Avoid RSI With the Alexander Technique

London, United Kingdom (PressExposure) January 29, 2009 -- Office work is not normally considered a high-risk industry, but Repetitive Strain Injury (RSI) is often experienced by people working with computers and can be highly debilitating.

Alexander Technique lessons are increasingly used to help RSI sufferers over- come problems and prevent the condition from occurring. The Alexander Technique focuses on helping people use their body efficiently and effectively – preventing misuse, over-use, strains and tension. Assessing your workstation is important – make sure chairs, keyboards and monitors are all set up to suit you.

The way you use your body at the workstation is also crucial – good body-use habits play a huge part in preventing injury. To really make a difference you need to become aware of and learn how to change poor postural habits. Hands-on guidance from a trained Alexander teacher from the Society of Teachers of the Alexander Technique means the process is not only faster, but the resulting changes are lasting. But, in the meantime, here are some helpful Alexander Technique (STAT) tips to follow while working on your computer:

• How you sit at your desk is key – you should be well supported on the seat of the chair so that your back’s natural support mechanism can work. • Your chair-to-desk height should mean your elbow is at a 90º angle, with your forearms about horizontal to the desk when using a keyboard. • Good touch typing skills will help to prevent inappropriate tension from building up and leading to strain and pain. • Your monitor should be at eye height, letting your head balance freely on the top of your lengthening spine. Tilting the head back and dropping the neck forward causes tension in the neck, which often manifests itself as referred pain in the arms. • Keep feet flat on the floor directly below your knees – if you can’t reach the floor, sit further forward in the seat or use a foot rest. If your chair seat can be angled to tip slightly forward you should find it easier to allow your feet to rest on the floor. • There is no such thing as a correct position – vary the way you sit to suit different activities, sitting back against the back of the chair whilst reading through something and sitting up at the front when you’re in ‘full flow’. • Take regular breaks. Any sitting still for long periods can cause muscle stiffness. Be sure to move about – even a short walk to the water cooler can help!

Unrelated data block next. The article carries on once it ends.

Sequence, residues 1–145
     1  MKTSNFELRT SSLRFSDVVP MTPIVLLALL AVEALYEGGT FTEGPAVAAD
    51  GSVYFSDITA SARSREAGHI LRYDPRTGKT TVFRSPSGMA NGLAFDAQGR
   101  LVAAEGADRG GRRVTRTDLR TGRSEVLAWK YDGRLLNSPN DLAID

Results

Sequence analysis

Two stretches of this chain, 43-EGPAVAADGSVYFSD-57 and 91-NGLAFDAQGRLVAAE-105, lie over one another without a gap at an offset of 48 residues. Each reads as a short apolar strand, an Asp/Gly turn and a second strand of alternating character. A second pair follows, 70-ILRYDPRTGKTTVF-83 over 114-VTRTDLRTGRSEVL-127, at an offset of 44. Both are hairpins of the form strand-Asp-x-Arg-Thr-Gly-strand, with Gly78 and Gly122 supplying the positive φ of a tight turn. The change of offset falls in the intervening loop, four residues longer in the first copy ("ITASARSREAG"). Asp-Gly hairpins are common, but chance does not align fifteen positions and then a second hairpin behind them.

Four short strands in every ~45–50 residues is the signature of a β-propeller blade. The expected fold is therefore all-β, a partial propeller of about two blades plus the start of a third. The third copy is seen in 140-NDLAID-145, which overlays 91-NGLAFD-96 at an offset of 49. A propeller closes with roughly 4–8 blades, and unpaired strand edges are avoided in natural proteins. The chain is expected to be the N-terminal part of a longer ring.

To find your local teacher, log on to the website of the Society of Teachers of Alexander Technique at http://www.stat.org.uk. RSI Awareness Day is taking place on 27 February 2009.

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For more information, expert tips or to speak to an AT teacher regarding RSI, please contact Kathryn or Zoe at CCD PR on 020 7434 4100 or kathryn@ccdpr.com/ zoe@ccdpr.com

Press Release Submitted On: July 29, 2009 at 11:21 am
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